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So i am having trouble getting this system to work, and i cant be sure that im asking the right question, but here is what is happening and what i want to happen.

    money = 1
    def Stats():
         print
         print "money " + str(money)
    def gainM():
         money + 2
         Stats()
    if money == 1:
         gainM()

now what happens when it goes to print money, the value is still 1 even though i plus 2 to the value. (code is not a copy from my actual program, but an example to show u what is happening.)?

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money + 2 does not do anything. In any case, neither of the functions have access to money — you should put them in a class or pass money as an argument and return the updated value. –  Waleed Khan Feb 23 '13 at 1:23
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2 Answers

up vote 5 down vote accepted

money + 2 is a no-op. You actually have to assign money to a new value

money = money + 2
# or
money += 2

But then you'll find you get an error - you can't assign to variables outside a function scope. You can use the global keyword:

global money
money += 2

This will allow you to change the value of money within the function.

However, the recommended way is passing money as a parameter:

def gainM(money):
    money += 2
    Stats()
    return money

if money == 1:
    money = gainM(money)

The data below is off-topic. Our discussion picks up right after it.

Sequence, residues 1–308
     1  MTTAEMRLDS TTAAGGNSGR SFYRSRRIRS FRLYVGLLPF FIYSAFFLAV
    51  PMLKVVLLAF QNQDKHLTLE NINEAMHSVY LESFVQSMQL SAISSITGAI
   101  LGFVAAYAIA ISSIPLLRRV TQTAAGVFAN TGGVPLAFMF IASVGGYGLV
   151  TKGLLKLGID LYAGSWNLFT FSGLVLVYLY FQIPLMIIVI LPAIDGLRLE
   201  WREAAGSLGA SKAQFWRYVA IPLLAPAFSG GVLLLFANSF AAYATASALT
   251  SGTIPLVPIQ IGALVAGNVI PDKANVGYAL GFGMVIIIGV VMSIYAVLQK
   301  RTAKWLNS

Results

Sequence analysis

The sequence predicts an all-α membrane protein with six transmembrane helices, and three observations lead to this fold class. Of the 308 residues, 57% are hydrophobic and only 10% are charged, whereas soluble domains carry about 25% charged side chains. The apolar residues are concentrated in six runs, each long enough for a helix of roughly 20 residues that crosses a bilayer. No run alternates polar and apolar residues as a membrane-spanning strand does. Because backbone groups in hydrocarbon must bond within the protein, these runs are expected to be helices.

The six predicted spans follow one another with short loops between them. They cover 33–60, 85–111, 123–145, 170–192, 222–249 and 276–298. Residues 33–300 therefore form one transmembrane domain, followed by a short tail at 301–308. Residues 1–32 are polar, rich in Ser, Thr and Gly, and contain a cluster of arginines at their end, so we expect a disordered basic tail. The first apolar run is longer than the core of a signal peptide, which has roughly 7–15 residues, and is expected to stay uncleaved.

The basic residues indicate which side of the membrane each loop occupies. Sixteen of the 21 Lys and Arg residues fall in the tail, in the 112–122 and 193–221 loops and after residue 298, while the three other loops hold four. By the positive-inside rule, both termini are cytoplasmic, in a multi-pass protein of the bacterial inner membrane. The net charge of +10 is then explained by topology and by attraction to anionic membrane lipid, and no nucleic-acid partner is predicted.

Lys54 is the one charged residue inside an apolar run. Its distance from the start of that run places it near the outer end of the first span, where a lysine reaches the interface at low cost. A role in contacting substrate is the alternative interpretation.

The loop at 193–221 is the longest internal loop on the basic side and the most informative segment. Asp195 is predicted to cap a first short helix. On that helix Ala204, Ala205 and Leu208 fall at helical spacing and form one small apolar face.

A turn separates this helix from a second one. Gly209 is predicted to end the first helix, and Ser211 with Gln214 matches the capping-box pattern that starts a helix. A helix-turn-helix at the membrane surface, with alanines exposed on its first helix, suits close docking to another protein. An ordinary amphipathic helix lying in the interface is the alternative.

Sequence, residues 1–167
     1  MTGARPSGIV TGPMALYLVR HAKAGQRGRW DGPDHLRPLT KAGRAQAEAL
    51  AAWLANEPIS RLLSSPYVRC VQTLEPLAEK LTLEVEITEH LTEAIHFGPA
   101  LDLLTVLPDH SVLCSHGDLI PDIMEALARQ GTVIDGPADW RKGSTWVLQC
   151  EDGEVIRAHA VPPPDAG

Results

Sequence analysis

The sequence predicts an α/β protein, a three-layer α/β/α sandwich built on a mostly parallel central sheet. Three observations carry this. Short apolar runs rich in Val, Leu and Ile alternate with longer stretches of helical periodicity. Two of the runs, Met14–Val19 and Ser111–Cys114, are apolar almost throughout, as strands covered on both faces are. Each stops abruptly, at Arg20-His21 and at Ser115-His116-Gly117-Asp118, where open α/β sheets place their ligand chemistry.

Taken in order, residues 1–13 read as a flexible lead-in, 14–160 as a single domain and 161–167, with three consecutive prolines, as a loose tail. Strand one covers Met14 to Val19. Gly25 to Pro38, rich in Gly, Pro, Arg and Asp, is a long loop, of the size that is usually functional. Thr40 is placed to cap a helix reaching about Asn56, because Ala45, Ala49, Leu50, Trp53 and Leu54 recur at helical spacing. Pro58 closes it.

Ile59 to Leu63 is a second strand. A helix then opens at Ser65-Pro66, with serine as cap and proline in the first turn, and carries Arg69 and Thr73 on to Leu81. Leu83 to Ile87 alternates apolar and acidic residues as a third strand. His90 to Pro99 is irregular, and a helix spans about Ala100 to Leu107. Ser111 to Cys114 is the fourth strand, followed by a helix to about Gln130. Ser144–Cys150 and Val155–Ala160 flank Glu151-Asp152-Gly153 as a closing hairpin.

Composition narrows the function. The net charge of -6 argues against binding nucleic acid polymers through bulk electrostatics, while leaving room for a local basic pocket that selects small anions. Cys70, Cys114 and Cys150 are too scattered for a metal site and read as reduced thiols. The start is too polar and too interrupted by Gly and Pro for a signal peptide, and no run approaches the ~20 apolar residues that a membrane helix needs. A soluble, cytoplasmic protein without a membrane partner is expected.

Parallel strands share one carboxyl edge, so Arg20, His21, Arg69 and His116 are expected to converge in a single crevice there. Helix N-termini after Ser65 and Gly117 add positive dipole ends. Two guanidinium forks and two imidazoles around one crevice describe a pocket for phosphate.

If you're using the second option (which you should be), you also need to change your Stats function, to have a money parameter as well.

def Stats(money):
     print
     print "money " + str(money)

Otherwise the function will print 1 instead of 3.

Another recommendation - use string formatting.

'money %d' % money  # the old way
'money {}'.format(money)  # the new and recommended way

Now you pass money into the Stats function.

def gainM(money):
    money += 2
    Stats(money)
    return money
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thanks for the help.. i would like to point out, i originally had it money = money + 2, but i had an error, so i changed it, but didnt think to test if what i was doing actually did anything. thanks. –  Isaac Scarrow Feb 23 '13 at 11:02
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You need to assign the new value to money. Like so:

money = money + 2

Or the shorthand form:

money += 2

Also, if the variable is outside your function, you need to declare it global(so it doesn't instead create a local variable)

So you end up with:

def gainM():
    global money
    money += 2
    Stats()

Edit: just to clarify, I'm not saying you should use global variables. In general they are a bad idea(though they may be useful in some situations). However, that's what this particular example needs to work. Chances are, however, that what you want is probably a class with instance variables that the methods of that class modify. However, given that you don't seem to have grasped the basics of the language yet, take things one step at a time and don't worry about any words in my previous sentences you didn't understand for now :)

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Thank you everyone, entropy, u may well be right, i havent grasped the basics, but with how i learn, i like to take things in their stride, I come up with an idea, and as i incounter a problem, i learn how to get past it. –  Isaac Scarrow Feb 23 '13 at 9:07
    
That's definitely the best way I've found to learn new stuff so far. Though at some point, once you grasp the basics, reading about more abstract things like general design patterns that help with managing the complexity of your code is definitely helpful. Good luck to you mate :-) –  entropy Feb 23 '13 at 17:03
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